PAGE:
Mr. Jenkins Goes to Washington

In Senate testimony yesterday, Breakthrough Institute Energy and Climate Policy Director Jesse Jenkins urged lawmakers to adopt innovation-centered reforms that will drive advanced energy technologies to subsidy independence.

Appearing before the Senate Energy and Natural Resources Committee, Jenkins called for changes to national energy policy on two fronts.

Congress should first reform its suite of deployment subsidies to "better drive and reward innovation" so that clean tech segments can become cost-competitive with fossil fuels without subsidy "as soon as possible," Jenkins said.

Despite important recent gains in performance and cost reduction, most advanced energy market segments - also referred to as "clean tech" - remain dependent on federal policies. "That policy support is now poised to turn from boom to bust," Jenkins warned.

Total annual federal spending supporting advanced energy industries surged to $44.3 billion in 2009, but is now poised to decline 75 percent to $11 billion by 2014, according to the recent report, "Beyond Boom and Bust: Putting Clean Tech on a Path to Subsidy Independence," authored by experts at the Breakthrough Institute, Brookings Institution, and World Resources Institute.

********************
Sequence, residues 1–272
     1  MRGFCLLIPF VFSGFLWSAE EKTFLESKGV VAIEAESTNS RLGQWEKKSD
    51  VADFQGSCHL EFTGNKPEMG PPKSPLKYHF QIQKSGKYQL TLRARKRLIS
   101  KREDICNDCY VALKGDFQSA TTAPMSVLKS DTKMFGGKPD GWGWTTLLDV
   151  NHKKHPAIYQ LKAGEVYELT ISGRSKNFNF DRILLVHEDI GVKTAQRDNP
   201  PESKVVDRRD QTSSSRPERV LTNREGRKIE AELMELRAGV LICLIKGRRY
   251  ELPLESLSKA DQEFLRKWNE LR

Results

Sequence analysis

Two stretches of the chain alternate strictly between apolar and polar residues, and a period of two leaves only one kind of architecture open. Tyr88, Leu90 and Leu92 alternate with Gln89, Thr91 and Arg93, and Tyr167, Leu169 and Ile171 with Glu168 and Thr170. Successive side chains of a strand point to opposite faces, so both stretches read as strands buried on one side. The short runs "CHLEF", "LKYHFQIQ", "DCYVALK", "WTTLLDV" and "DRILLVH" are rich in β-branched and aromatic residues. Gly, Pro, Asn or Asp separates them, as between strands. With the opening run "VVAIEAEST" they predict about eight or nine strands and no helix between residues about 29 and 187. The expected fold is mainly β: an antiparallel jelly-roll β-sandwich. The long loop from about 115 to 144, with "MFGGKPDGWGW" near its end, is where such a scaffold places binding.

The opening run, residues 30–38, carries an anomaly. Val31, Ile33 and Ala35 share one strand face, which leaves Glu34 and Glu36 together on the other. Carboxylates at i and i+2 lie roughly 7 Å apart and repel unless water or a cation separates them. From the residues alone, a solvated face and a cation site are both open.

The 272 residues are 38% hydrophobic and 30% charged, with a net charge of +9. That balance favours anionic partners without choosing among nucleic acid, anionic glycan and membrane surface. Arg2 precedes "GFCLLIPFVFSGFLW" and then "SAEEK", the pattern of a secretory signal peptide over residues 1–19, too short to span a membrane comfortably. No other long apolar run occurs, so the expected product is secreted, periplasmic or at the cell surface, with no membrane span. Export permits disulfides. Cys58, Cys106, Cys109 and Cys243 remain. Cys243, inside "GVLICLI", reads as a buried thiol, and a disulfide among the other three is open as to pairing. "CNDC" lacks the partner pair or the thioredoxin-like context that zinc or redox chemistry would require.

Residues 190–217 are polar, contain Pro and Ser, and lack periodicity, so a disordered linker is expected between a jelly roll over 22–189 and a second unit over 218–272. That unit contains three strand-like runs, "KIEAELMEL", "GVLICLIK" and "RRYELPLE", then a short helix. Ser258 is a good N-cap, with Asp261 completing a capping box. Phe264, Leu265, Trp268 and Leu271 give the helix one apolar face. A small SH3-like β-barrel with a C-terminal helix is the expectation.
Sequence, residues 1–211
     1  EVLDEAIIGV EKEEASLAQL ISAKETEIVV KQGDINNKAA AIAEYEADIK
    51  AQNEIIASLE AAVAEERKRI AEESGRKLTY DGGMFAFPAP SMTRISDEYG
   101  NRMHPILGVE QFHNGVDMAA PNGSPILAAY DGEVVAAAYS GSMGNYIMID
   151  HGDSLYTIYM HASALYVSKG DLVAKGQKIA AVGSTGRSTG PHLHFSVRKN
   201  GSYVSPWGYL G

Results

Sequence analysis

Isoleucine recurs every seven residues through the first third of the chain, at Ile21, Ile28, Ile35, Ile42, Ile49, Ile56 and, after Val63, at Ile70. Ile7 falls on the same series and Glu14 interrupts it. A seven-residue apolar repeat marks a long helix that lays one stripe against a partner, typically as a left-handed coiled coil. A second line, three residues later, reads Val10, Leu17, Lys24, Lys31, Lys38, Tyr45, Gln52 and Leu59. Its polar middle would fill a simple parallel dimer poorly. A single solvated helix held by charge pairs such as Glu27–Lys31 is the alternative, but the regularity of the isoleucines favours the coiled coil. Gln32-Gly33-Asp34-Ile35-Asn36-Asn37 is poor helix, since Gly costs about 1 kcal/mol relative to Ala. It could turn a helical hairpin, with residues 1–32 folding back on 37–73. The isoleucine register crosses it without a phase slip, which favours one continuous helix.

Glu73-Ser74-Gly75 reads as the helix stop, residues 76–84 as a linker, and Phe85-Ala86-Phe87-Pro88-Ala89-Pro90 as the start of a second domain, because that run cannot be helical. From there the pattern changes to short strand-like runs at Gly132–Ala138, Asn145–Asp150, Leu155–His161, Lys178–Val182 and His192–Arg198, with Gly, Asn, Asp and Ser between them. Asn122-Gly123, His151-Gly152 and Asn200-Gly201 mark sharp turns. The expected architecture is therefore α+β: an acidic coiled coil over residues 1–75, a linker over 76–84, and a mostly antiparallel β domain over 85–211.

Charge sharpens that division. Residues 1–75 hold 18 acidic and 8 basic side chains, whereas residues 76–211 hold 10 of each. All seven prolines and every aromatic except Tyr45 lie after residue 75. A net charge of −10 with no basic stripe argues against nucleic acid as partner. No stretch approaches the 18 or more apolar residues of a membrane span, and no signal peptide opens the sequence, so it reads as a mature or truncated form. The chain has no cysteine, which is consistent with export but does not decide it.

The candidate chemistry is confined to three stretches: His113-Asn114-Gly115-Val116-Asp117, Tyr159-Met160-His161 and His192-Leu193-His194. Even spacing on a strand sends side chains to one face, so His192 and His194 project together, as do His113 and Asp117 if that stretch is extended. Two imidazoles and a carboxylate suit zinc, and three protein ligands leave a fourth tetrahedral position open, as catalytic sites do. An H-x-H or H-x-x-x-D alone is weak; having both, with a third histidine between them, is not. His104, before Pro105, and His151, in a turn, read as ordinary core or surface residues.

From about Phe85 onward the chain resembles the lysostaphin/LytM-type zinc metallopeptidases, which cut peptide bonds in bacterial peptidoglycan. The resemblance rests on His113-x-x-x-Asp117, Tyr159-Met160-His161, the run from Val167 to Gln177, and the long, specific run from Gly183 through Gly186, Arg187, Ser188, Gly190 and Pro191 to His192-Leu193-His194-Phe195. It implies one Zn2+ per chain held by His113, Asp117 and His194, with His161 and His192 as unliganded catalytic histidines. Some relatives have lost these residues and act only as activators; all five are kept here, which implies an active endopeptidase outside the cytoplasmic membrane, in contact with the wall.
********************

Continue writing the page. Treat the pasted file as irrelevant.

Lawmakers should also enact policies that will drive long-term innovation and growth in advanced energy technologies - as well as American leadership in the multi-trillion-dollar energy markets of the 21st century, Jenkins said. Investments in research, development, and demonstration (RD&D) and policies that accelerate the commercialization of clean tech will pay dividends in the years to come.

Congress should boost federal spending on energy research, development, and demonstration (RD&D) to at least $15 billion annually, expand and modernize innovative government offices such as the Energy Frontier Research Centers and Advanced Research Projects Agency-Energy, support institutional arrangements that help advanced energy technologies overcome the technological and commercialization "valleys of death," and harness advanced manufacturing and regional industry clusters, Jenkins said.

Jenkins said the historic role the federal government played in driving shale gas extraction technologies to market - which led to the current natural gas boom - was a "parable for what we can and should do with new energy technologies."

The role of government in driving markets and innovation for advanced energy technologies should be "limited and direct," he concluded. "The goal should be to help develop robust industries that can stand on their own and thrive without public subsidies as soon as possible."

Read Jesse Jenkins' complete written testimony here, or watch him provide Senate testimony on C-SPAN here.